U.K. Prime Minister Theresa May is heading back to Brussels in a bid to reopen Brexit talks with the European Union.
Her move followed a night in which Members of Parliament voted to make radical changes to the Withdrawal Agreement May spent two years negotiating with the EU.
It includes changes to the Northern Ireland ‘Backstop,’ a device in the Brexit deal designed to ensure there’ll be no hard border between North and South.
CGTN’s Richard Bestic reports from the U.K. Parliament in London.
In the shadow of Parliament, all sides waited for word on the government’s Brexit plans.
Inside, the Prime Minister insisted Members of Parliament must tell Brussels what it would take to get agreement in the U.K.
“What it’ll take to move beyond the confusion and division and uncertainty that now hangs over us,” May said.
And what the Prime Minister said could take a fresh look, is the Northern Ireland backstop; insurance against a return to a hard border between the British ruled North and the independent south.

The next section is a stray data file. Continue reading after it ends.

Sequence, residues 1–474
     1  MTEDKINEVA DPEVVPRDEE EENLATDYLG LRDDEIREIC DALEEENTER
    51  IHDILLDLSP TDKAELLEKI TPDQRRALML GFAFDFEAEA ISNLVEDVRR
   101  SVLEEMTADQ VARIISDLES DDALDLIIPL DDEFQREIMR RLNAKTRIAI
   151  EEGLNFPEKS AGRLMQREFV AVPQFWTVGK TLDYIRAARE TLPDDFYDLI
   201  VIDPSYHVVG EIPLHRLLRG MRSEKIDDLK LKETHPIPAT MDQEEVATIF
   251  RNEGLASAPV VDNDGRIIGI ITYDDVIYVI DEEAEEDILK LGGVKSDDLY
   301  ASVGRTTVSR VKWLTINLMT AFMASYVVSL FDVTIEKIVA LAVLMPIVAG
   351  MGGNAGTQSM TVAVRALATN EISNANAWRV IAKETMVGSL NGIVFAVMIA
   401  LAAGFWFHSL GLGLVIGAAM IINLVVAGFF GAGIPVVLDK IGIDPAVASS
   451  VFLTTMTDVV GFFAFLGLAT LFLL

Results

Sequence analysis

Unspecified ‘alternative arrangements.’
“What I’m talking about is not a further exchange of letters, but a significant and legally binding change to the Withdrawal Agreement,” May said.
And therein lies a dilemma for May, because at an EU summit in Cyprus reports suggested little appetite for re-opening talks that took more than two years to agree and, particularly, on the emotive issue of the British border in Ireland.
“As the European Council has clearly indicated, this exit agreement which negotiated between the European Union and the UK is the best deal possible, and is not renegotiable,” French President Emmanuel Macron said.
On the streets outside Parliament, there was broad agreement.
Theresa May’s Brexit battles are fast turning into a Parliamentary war of attrition as she promises to return time and again to this place and whittle down resistance.
Of course, the entire campaign is now dependent on getting the European Union to reopen those Brexit withdrawal talks and that’s far from a done deal.